What difference does church membership make? I do everything in my church except vote …

“I am a regular attender, not a member.”

Those were the sad words I heard; another person explaining to me the nature of their relationship with the church that they had been attending for eight years.

I asked her:

“I know your church practices formal church membership, why haven’t you joined?”

She replied:

“I had such a bad experience in my former church where I was a member that I resolved to never again join a church. Conflicts in that church hurt me a lot and, being a member, drew me into situations I would rather have avoided, so I said ‘NEVER AGAIN!’ Besides, what difference does it make? I do everything in this church a member does except vote.”

Here, again, was an apparently sincere Christian declaring that her personal past experience could, and would, trump God’s Word. God’s declared will as revealed in the Scriptures was irrelevant when stacked against her own experience. When I pointed out to her that the Bible consistently presupposes that believers will form relationships of spiritual accountability, service, and soul care within a local church she became indignant and said:

“What does that have to do with anything?”

And then she walked away.

I don’t usually quote Universalist pastors, but in this case, Edwin Hubbell Chapin (1814-1880) said something that applies well here:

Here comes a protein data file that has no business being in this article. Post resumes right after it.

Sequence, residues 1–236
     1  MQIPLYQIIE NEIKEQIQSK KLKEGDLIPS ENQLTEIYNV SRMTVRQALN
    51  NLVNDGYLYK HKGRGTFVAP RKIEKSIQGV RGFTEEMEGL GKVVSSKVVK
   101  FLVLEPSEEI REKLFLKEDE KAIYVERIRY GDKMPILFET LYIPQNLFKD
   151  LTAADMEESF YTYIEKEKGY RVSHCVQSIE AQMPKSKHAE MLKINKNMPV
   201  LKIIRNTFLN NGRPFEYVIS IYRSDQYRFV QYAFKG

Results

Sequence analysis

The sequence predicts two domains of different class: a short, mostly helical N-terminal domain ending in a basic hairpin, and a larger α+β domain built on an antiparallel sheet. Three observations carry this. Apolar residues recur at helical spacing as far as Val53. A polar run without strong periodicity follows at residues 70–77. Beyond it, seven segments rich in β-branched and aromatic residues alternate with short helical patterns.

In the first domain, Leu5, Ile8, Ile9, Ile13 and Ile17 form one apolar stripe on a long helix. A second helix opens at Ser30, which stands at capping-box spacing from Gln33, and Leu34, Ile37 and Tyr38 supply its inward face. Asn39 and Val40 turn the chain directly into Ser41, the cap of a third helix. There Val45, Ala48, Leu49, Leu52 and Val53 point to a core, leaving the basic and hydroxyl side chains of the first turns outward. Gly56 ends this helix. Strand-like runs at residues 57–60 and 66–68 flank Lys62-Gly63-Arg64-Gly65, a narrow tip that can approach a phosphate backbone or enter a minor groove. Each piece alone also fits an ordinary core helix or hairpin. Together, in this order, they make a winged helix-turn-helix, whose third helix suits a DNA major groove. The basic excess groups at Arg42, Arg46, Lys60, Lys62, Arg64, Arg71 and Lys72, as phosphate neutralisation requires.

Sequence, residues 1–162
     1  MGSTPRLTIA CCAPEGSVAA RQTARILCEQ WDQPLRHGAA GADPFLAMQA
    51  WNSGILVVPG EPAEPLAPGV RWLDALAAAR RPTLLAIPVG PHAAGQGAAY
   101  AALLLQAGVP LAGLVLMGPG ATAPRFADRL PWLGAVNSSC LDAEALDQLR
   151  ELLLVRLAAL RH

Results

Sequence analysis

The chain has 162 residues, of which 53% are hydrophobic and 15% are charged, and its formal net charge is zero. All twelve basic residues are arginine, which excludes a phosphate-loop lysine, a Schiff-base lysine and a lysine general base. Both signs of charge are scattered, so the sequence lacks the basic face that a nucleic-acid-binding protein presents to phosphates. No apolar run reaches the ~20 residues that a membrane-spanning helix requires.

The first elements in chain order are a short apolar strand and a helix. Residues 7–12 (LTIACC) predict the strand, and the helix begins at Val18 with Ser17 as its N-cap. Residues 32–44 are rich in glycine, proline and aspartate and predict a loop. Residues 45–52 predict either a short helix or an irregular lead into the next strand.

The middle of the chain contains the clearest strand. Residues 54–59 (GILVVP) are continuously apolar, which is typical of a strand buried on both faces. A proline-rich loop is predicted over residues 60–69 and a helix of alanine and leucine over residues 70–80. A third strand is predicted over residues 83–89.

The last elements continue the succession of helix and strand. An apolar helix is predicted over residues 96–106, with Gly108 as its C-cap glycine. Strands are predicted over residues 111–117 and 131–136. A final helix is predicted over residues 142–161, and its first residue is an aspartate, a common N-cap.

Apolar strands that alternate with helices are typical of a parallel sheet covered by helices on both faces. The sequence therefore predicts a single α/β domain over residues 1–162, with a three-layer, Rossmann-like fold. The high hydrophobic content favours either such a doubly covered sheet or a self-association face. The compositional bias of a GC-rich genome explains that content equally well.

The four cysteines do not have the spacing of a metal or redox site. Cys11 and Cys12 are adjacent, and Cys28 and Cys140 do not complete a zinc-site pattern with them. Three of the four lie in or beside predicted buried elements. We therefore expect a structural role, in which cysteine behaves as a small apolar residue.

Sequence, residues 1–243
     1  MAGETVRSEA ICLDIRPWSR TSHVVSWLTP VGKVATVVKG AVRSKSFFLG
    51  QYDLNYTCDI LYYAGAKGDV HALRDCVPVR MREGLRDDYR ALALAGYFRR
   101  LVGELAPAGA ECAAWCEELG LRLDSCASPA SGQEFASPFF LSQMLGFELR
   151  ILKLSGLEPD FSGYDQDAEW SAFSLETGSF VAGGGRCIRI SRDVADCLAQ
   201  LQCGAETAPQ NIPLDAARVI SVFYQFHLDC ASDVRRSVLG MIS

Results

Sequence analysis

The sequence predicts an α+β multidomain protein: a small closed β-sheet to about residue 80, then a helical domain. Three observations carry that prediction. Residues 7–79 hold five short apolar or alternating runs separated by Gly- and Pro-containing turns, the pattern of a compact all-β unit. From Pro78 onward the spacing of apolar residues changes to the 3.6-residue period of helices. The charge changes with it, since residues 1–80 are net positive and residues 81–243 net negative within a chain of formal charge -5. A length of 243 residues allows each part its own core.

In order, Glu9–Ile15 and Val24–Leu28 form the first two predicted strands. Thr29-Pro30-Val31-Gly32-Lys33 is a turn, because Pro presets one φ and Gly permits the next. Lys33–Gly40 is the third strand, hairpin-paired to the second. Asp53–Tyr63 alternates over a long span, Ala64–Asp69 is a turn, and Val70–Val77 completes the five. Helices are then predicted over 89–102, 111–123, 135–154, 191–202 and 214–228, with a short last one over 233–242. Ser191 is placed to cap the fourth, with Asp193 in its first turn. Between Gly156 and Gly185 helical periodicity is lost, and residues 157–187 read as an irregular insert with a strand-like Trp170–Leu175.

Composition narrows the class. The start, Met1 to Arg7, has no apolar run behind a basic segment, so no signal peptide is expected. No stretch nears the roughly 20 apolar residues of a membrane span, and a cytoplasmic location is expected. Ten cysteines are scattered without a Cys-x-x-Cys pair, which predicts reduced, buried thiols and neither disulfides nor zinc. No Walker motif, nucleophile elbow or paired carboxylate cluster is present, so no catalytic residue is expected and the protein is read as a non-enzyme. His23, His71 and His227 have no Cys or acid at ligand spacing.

“Tribulation will not hurt you, unless, as it often does, it hardens you and makes you sour, narrow, and skeptical.”

That certainly seemed to be the effect that this woman’s prior experience with church conflict had on her. Here she was, years later, carrying the baggage from a prior church conflict. She claimed to be a Christian who “believed in” God’s Word and who attended a local church. But since her church was properly organized, she would not be allowed to:

  • Serve in any children’s ministries (legal liability limitations)
  • Use her spiritual gift in the care of others (accountability and oversight issues)
  • Receive the benefit of corrective care through the appropriate church discipline of her elders (1 Corinthians 5:12-13 and legal limitations)
  • Participate in the sacrament of the Lord’s Supper (never having publicly professed her faith in the church she now called her home church)

Her perspective was that she was just like any member of her church, but, in fact, she was not (in any meaningful sense) a part of her church at all.

The heart of the New Testament  church is meaningful engagement through full enjoyment of what it means to be a “member of Christ’s body” (Romans 12:4-5; 1 Corinthians 6:15, 12:24; Ephesians 3:6, 4:25, 5:30; Colossians 3:15). Church membership means being a part of something eternal. It does not merely mean “getting to vote at congregational meetings.” As Pastor Edmund Clowney has written:

“The lists of names in the book of Numbers give evidence of God’s concern to define membership in his people; God’s book of life is the archetype of the earthly register of his people (Ex.32:32-33; Mal. 3:16).” The Church, p. 104